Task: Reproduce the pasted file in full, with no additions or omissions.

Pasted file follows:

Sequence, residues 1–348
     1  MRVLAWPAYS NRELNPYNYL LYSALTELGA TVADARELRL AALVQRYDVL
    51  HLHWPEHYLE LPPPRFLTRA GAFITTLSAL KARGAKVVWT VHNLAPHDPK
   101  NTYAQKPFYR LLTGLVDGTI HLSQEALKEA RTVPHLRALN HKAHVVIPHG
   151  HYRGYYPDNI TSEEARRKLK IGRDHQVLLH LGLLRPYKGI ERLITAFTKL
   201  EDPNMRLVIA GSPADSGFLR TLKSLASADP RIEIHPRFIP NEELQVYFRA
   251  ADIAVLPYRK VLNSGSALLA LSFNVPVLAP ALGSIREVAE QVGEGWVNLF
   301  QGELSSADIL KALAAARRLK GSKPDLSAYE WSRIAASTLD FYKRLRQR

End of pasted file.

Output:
Sequence, residues 1–348
     1  MRVLAWPAYS NRELNPYNYL LYSALTELGA TVADARELRL AALVQRYDVL
    51  HLHWPEHYLE LPPPRFLTRA GAFITTLSAL KARGAKVVWT VHNLAPHDPK
   101  NTYAQKPFYR LLTGLVDGTI HLSQEALKEA RTVPHLRALN HKAHVVIPHG
   151  HYRGYYPDNI TSEEARRKLK IGRDHQVLLH LGLLRPYKGI ERLITAFTKL
   201  EDPNMRLVIA GSPADSGFLR TLKSLASADP RIEIHPRFIP NEELQVYFRA
   251  ADIAVLPYRK VLNSGSALLA LSFNVPVLAP ALGSIREVAE QVGEGWVNLF
   301  QGELSSADIL KALAAARRLK GSKPDLSAYE WSRIAASTLD FYKRLRQR